It's been nearly a month since House Bill 2 became law, but economic, political and social fallout continues.  Demonstrations for and against the law- from prayer rallies to boycotts- have created a thick cloud of controversy and anxiety, but it also raises questions.  Among them - how has House Bill 2 affected lives in eastern North Carolina?  How have local communities responded to it?  Chris Thomas seeks answers to those questions in this report.

Duke Energy CEO Talks Past Spills, Future Projects

Apr 19, 2016
East Carolina University News Services

Duke Energy Progress is still under intense scrutiny over the 2014 coal ash spill in the Dan River and, now, for its part in the construction of the Atlantic Coast Pipeline, which is scheduled to run along the I-95 corridor in North Carolina.

This week, Duke Energy Progress CEO Lynn Good came to Greenville and spoke to business students at East Carolina University.

Laura Taylor, Center of Environmental and Resources Economic Policy at NCSU

Imagine you’re at the beach.  The sun, the sand and wind turbines?   This could soon be the reality along the coast of North Carolina.  As the Bureau of Ocean Energy Management moves forward with leasing thousands of acres to utility scale wind energy developers, dozens of 500 foot tall turbines could soon be built offshore.  Even though the technology would produce clean, renewable power, there are some downsides to wind farms, most noticeably aesthetics. 

Wind energy at our coast could be a renewable source of electricity for us, but it has some potential pitfalls, especially when it comes to tourism.  This week on the Down East Journal, we talk to a NC State University researcher about a new study that finds offshore wind farms could negatively impact coastal economies.  And, we speak to Duke Energy Progress CEO Lynn Good about energy projects currently underway in eastern North Carolina, including the Atlantic Coast Pipeline and solar facilities.

NASA

On the monthly "Carolina Skies" segment, we talk about what you can spot in eastern North Carolina's night sky, from constellations and planets to nebulas and galaxies.  Our host is Byron Mumaw, president of the Carolina Skies Astronomy Club.  This week, we focus on the fifth planet from our sun and one of the brightest objects right now in the night sky, Jupiter.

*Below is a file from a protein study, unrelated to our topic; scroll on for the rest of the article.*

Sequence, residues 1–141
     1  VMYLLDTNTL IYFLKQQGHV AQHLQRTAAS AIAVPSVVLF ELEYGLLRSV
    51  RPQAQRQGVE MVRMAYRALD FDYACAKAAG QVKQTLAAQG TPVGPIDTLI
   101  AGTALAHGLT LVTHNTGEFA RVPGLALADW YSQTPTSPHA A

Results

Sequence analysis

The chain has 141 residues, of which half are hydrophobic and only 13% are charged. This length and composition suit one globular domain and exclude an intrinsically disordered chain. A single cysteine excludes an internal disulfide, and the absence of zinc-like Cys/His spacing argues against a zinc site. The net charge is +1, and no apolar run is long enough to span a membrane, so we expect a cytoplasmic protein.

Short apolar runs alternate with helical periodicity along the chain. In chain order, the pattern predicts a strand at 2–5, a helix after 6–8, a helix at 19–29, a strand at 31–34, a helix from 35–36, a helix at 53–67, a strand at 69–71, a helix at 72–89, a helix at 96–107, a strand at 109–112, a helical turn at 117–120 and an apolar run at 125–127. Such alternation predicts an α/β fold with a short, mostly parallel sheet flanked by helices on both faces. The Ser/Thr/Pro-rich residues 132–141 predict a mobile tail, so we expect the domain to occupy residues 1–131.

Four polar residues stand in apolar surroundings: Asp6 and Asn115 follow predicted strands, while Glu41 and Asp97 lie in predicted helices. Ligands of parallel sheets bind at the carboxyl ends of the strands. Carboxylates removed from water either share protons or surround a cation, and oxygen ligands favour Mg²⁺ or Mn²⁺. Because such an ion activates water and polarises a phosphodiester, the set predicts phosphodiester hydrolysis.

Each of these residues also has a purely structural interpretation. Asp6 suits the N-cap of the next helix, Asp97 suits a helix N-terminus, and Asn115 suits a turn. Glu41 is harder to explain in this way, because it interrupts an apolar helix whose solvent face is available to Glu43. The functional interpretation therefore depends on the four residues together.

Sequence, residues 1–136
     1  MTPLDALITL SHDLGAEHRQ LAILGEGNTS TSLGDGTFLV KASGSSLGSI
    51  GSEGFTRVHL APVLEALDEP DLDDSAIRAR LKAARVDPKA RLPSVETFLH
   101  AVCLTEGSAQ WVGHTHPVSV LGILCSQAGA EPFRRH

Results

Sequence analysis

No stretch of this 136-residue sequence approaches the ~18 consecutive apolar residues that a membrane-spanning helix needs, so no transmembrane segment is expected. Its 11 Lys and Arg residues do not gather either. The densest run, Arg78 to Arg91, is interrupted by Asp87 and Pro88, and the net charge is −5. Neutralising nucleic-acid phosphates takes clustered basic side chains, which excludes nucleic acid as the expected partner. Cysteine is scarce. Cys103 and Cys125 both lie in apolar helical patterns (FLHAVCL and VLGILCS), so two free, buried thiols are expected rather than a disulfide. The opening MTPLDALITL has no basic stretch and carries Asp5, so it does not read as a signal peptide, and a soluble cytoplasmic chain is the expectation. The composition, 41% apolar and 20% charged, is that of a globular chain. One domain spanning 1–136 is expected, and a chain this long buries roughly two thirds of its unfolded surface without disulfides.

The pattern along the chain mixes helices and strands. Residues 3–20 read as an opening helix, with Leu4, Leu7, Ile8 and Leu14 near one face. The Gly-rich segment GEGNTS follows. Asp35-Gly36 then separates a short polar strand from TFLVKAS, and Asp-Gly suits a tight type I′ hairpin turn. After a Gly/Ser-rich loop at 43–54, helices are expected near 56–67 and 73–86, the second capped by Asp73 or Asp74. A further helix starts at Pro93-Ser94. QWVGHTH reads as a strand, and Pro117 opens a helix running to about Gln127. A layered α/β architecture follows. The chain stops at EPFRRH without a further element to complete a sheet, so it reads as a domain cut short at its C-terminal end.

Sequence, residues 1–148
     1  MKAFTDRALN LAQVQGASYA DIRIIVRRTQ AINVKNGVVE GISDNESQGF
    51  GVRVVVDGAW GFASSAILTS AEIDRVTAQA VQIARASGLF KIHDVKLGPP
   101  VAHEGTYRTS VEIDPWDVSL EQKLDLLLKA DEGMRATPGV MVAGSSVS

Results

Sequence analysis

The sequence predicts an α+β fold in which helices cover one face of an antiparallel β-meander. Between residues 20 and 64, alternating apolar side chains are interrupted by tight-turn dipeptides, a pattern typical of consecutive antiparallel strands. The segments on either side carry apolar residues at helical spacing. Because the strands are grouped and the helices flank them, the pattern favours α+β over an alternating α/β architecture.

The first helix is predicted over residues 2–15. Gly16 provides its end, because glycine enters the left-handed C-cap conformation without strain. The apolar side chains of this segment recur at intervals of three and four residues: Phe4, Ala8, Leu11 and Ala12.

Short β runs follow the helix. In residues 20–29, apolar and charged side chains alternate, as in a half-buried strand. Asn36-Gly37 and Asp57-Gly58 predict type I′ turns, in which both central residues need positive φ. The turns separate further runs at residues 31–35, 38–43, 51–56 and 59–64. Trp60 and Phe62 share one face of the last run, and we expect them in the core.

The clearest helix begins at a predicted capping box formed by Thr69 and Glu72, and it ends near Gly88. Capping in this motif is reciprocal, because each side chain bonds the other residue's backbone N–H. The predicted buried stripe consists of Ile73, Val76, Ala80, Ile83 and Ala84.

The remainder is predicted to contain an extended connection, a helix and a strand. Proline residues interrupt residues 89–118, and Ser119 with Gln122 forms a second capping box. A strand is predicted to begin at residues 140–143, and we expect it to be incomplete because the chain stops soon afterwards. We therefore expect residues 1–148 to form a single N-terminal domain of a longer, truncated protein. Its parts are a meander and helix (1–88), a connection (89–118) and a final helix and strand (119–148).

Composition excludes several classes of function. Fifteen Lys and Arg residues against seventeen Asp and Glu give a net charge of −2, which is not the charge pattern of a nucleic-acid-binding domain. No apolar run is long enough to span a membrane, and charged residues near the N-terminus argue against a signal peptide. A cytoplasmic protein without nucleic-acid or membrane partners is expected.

National Baseball Hall of Fame

The Major League Baseball began this week – joining the local season that started nearly two months ago in Eastern North Carolina. With the start of baseball season in Eastern North Carolina it comes traditions spanning more than a century.

The National Past-Time’s seemingly waning popularity is a popular topic of debate among sports fans and experts. But as Chris Thomas reports, baseball is still alive and strong in the region – even after losing one of its long-standing teams.>>>

This week on the Down East Journal, an unlikely partnership between a scientist and a fisherman has developed to solve a critical environmental and economic issue along the North Carolina coast.  And, baseball's past, present  and future here in eastern North Carolina.

From a gas station to a "glass station," eastern North Carolina is in for some hot art.  The town of Farmville is the future location for a hand blown glass studio.  Plus, local reaction to House Bill 2.  And, what's in store for the Oriental In-Water Boat Show next weekend.

UNC Research

There’s an environmental and economic crisis along our coast and around the world.  Oyster populations are drastically low, as compared to their numbers a century ago.  In North Carolina, oyster populations have dropped 90 percent.  But two men in Carteret County think they may have the answer to the shortage.  One is a scientist, the other is a fishermen.

ECU

As more people move to eastern North Carolina to retire or raise families, communities here are undergoing a transformation.  Take downtown areas of New Bern, Greenville and Kinston for example.  These cities have undergone major revitalization and now, boast a variety of independent shops, award winning restaurants, art galleries and craft breweries.  Now, the rural town of Farmville, home to about 5,000 people seeks to become the next creative center and cultural hub in eastern North Carolina.  Todd Edwards is a member of a volunteer association focused on economic development called The